Obviously it is best practice to keep the power and data separated however in real world tests EMI will not grind your network to a halt. You may see random hiccups with network connection or while streaming movies but nothing too serious. So there is no need to be obsessive about keeping them two feet apart. Below is the results of a test done on the affects of EMI on UTP by Siemons:

Packet flow on the Fast Ethernet hub was monitored via NetXRay Protocol Analyzer and Network Monitor software7. The software not only monitors network utilization levels and packet errors, but is also capable of generating errors on the network.

The operating systems under evaluation were charged with the task of simultaneous video and file transfer to keep utilization rates at approximately 30%. The NetXRay software confirmed utilization rates. Under normal operating conditions (no known sources of EMI), no packet errors were detected for any cable type.

To demonstrate the effects of packet errors, the NetXRay software was programmed to generate CRC, fragment and alignment errors. Depending upon the size of the defective packet, resultant errors ranged from a slight pause or glitch in the video display to a complete network ‘crash'. Typically, CRC and alignment errors, associated with the video transmission protocol, resulted in the most serious network crashes. All network errors were visually detectable on the video display.

So in a test environment with artificially generated defective packets the possible affects of EMI could be seen. However the conclusion states they were unable to cause issues using actual EMI:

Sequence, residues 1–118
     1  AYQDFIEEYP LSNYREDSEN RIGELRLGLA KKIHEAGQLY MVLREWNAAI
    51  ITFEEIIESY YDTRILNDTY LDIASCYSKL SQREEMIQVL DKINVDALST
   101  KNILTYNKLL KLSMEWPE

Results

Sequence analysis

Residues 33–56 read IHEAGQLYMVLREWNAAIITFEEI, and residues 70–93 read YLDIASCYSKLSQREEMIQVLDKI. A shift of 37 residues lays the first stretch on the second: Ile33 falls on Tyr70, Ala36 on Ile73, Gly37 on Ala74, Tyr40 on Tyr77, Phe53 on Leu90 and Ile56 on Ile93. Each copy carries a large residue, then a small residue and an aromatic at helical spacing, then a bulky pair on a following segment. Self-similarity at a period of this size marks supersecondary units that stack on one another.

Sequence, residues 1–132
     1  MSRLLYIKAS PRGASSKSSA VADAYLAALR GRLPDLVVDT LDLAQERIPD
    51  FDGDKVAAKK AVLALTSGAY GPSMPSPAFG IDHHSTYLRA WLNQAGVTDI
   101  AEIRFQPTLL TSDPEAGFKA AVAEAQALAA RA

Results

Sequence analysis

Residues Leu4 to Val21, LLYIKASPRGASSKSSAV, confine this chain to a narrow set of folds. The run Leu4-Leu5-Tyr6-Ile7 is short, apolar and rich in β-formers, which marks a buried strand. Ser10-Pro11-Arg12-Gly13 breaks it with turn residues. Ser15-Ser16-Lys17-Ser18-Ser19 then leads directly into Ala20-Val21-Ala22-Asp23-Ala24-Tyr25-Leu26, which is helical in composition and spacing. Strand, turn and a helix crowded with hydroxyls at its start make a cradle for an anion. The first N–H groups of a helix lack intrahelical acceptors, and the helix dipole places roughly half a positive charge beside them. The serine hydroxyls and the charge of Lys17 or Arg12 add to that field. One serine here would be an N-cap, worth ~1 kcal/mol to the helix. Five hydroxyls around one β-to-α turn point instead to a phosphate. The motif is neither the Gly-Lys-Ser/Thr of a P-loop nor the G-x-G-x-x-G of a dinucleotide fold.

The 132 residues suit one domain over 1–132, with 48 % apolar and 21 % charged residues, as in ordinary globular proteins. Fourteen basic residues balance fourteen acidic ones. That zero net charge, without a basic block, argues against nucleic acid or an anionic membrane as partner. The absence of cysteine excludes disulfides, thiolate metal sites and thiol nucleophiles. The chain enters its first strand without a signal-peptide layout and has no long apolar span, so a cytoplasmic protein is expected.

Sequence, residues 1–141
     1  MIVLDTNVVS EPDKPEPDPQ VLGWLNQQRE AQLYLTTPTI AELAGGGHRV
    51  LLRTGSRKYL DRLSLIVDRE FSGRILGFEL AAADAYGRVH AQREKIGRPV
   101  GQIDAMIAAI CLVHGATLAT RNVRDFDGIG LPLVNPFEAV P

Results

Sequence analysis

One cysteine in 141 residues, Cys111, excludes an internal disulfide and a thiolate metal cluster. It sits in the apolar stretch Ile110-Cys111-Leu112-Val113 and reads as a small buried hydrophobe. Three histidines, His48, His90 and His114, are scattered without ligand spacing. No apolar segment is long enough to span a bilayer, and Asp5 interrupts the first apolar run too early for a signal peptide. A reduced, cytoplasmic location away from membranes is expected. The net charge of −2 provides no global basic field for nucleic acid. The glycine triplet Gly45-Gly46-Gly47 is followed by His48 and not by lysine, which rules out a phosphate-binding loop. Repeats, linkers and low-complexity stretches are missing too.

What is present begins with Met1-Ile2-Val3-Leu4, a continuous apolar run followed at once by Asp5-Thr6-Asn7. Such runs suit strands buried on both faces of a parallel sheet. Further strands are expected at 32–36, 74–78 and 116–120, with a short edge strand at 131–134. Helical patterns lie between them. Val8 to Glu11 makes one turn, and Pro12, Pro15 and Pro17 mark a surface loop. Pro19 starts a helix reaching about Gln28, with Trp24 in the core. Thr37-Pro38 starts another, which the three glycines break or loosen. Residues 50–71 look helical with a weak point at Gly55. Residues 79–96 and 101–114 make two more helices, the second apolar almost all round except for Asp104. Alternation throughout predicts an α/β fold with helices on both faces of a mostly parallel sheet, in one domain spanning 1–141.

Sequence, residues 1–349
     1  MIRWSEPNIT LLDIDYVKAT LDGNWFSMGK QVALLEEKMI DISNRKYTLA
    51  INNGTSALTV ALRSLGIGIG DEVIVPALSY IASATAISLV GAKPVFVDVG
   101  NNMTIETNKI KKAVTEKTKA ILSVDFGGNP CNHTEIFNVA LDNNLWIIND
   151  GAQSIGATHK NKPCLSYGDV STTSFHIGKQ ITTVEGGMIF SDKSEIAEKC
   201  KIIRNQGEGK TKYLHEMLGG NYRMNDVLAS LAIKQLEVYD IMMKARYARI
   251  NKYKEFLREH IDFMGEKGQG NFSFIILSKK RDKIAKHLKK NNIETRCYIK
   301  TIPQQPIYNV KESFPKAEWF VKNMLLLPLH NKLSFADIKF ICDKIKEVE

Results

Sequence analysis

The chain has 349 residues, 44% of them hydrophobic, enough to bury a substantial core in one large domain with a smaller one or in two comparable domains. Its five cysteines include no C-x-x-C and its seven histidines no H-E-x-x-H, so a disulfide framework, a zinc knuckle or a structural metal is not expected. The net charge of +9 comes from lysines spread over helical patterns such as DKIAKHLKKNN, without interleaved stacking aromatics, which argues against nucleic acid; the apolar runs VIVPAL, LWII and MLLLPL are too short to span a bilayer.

No packet errors were detected for either the ‘generic' or ‘enhanced' category 5 channel configuration regardless of EMI source type, source location, or duration of exposure.

Here is the article for further reading.

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Thanks for the article! – Adam Kragt Mar 20 '11 at 20:11


Data consists of electrical impulses on the wire, so a strong electrical signal nearby can degrade or interfere with data transmission. Ethernet is very susceptible to EMI (electromagnetic interference).

If you must run your electrical and your Ethernet near each other, you'll want to use a higher-grade type of cabling called STP (shielded twisted pair), which is more expensive.

To enjoy high data throughput in your network, keep your power as far away from your data cabling as possible. Cat5/Cat6 cable should not be run parallel to electrical lines, but may cross them perpendicularly.

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Thanks! I'll keep that in mind. – Adam Kragt Mar 20 '11 at 20:12